The site of the bolt must be chosen carefully to ensure it is placed in solid rock, away from edges and fractures. Always use the necessary PPE (Personal Protective Equipment), a non-exhaustive list includes safety goggles, dust mask, ear defenders, gloves, etc. Also it is of course very important to ensure no property or people could be injured by falling rock or equipment etc. Placing bolts, developing routes and re-bolting require a high degree of skill and experience. Should you not be confident and competent to carry out the tasks required in a safe manner, do not attempt installation as yourself and other will be placed in danger.

First, drill the hole 10mm deep and then drill a chain of holes directly below the first hole to the same depth to create a slot 10mm deep and 45mm long. Next, return to the top of the slot and drill to the full depth being the same as the leg of the bolt plus 5mm (tape on the drill bit can help ensure the correct depth). Finally, use the drill pointing down at 45 degrees or the 'pick' end of a wall hammer to remove the sharp edge between the deep hole for the shaft of the bolt and the channel to suit the curve of the Eterna bolt. Once drilled out, the hole and slot must be brushed out and then blown out. Brushing and blowing must continue until no more dust comes out of the hole. If any of the bolt installation process is not entirely clear, please ask for further instructions. The reason for the slot is to semi-recess the eye of the bolt to help ensure the strongest possible bolt installation for the given position. It also greatly reduces the effects of fatigue during normal use due to the increased stiffness which in turn helps to give the longest possible life of the installed bolt.

Once the hole is cleaned, the epoxy resin should be prepared and used as per manufacturers instructions and the hole filled to two thirds to three quarters full (counting the trigger pulls will help fine tune the exact amount of resin required). The bolt should be placed slowly in a twisting motion. As the bolt is inserted, resin oozes out of the hole to fill the back of the channel and then gently tapped home with a stainless steel hammer for the last 15mm for a tight interference fit.

Do not use a normal steel hammer as it will leave Iron deposits on the Titanium bolt and the iron will rust, which may cause corrosion issues with the titanium anchor itself. Either use a proper Stainless Steel climbing hammer or a wooden or plastic shim.

Note that studies by the German Alpine Club have shown that holes not properly blown out result in much weaker bolt placements. Even if you are a professional trumpet player, your lungs are not strong enough to do it properly! You really need to use a good blow out pump and brush.

The longest lasting bolt requires the longest lasting resin. We recommend Hilti HIT RE-500, G&B Fisaggi EPO Plus pure epoxy resin (that our bolts are certified with) or other high quality structural grade epoxy resin with an ETA certification (see Note below). They can be used in damp holes if necessary, are highly water resistant and chemically inert after curing (about 24 hours dependant upon temperature). The method of resin installation must be followed as per manufacturers instructions.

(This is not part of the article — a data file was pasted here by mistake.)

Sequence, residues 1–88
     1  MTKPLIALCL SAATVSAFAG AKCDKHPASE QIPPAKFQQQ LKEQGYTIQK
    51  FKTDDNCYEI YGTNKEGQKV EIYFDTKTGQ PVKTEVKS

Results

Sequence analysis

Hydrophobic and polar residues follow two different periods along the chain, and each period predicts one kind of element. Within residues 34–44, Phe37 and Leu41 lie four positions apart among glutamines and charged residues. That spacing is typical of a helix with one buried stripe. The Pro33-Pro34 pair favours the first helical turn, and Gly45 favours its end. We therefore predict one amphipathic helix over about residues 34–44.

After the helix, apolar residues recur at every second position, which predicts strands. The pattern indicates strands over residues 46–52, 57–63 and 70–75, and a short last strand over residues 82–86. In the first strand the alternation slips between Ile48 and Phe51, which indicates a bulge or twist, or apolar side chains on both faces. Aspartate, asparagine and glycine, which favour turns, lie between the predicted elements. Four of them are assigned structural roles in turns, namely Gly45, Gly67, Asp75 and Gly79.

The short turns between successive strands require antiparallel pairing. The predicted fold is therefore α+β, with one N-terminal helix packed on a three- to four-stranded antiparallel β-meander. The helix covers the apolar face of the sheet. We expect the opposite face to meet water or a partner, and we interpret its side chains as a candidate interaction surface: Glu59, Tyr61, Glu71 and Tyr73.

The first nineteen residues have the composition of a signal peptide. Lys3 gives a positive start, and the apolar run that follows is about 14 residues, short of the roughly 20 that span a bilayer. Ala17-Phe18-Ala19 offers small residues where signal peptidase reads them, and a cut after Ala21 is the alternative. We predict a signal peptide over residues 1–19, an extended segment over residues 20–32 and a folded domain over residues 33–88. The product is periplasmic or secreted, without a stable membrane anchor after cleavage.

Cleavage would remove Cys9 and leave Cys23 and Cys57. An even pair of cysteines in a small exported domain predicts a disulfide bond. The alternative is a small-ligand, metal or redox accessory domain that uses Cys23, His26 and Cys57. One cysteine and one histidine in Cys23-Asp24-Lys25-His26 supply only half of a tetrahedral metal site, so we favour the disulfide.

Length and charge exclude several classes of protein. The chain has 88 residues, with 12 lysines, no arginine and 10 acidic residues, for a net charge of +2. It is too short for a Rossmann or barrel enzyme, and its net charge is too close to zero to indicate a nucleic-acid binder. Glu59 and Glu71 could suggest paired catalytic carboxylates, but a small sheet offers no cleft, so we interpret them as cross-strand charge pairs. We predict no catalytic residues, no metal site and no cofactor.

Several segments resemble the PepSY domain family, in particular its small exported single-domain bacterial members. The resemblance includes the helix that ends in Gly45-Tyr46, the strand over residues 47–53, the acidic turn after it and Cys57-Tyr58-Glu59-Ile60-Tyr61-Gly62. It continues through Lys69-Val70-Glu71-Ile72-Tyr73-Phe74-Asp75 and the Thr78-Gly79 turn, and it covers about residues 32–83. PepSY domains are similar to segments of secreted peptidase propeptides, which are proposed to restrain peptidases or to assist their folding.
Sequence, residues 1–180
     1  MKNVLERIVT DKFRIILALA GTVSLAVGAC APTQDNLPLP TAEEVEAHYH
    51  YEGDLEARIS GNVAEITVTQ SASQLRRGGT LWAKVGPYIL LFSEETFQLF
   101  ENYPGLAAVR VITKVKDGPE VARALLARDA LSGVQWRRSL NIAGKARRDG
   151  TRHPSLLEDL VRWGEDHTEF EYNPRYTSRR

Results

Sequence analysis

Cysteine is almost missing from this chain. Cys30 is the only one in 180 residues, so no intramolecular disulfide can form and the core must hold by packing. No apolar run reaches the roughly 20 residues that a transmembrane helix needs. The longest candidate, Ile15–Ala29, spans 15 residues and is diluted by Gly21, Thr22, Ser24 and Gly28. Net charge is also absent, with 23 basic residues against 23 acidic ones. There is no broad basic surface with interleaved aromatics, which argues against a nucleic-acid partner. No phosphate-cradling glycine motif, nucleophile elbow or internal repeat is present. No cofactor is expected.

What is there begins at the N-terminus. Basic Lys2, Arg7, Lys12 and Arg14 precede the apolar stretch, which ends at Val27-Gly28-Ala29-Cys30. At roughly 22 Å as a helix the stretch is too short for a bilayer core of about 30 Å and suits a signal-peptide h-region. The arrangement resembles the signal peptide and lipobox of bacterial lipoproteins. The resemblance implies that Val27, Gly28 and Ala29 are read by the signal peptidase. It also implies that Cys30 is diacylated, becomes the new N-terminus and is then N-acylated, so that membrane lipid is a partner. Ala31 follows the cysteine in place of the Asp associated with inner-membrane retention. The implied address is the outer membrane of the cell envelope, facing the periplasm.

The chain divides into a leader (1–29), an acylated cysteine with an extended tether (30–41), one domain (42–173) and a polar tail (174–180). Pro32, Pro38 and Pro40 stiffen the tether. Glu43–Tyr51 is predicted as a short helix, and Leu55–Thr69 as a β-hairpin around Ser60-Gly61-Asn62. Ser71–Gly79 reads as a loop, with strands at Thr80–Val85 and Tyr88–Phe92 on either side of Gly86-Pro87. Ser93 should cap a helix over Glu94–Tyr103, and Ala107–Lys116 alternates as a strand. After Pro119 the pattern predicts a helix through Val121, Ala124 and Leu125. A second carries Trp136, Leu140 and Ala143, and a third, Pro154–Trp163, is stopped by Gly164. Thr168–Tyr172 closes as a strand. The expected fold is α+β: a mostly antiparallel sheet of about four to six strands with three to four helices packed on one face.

Removal and rebolting

Once the service life of our bolts is finally over after likely many decades and quite possibly a century or two, they can be heated with a blow torch to degrade the epoxy resin and twisted or pulled out of the hole. The resin starts to weaken above 60 degrees and becomes very weak over 100 to 150 degrees. Thus there is no need to drill new holes. Once removed, the existing hole can easily be cleaned out and reused. Of course, all the correct safety equipment must be worn.

All our bolts are proudly made in Sheffield, the long standing heart of British manufacturing.

Note on ETA’s and EOTA:
ETA’s are the short-form for European Technical Assessment documents, and are issued by the European Organisation for Technical Assessment. They provide information about the product, and describe its intended use. See the website:

Construction anchors that are used in “safety critical applications” where their failure can cause loss of life, or serious economic loss, are covered by ETA’s. This is very similar to climbing anchors, where a failure can also cause a loss of life. In addition, the EOTA document EOTA GD 002 (Assumption of working life of Construction Products in Guidelines for European Technical Approval, European Technical Approvals and Harmonised Standards) discusses what the design life time of construction anchors should be, and a “normal” lifetime is taken to be 50 years. See:

Therefore we at Titan Climbing are making the same argument: Why can’t we have climbing anchors have a “normal” working life of 50 years? Or longer? We say that as long as the right material is used that can survive the environment on the cliff, an appropriate design is used that resists the loads due to everyday use, and that a matching resin is used that can also survive 50 years (or longer), then the climbing anchor itself should be good for 50 years. Or ideally longer.

It is still important to regularly inspect your anchors for wear and tear, however there is no engineering reason why you should not be able to reasonably expect to get 50 years from a well placed bolt, using the right material for the purpose, and the right resin.

Made In Sheffield
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